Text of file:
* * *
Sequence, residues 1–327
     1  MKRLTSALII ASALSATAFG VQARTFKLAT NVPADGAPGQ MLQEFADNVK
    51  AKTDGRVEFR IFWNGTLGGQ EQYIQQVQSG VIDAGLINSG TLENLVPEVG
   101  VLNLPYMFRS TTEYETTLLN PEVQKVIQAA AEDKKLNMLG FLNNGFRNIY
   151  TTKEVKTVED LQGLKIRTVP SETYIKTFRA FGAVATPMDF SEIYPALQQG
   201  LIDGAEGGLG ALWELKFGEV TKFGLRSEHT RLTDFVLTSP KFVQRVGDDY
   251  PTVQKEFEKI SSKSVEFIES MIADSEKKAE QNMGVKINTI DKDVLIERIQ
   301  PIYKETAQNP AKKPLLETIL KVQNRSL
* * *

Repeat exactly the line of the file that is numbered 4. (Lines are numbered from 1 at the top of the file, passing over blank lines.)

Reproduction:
   101  VLNLPYMFRS TTEYETTLLN PEVQKVIQAA AEDKKLNMLG FLNNGFRNIY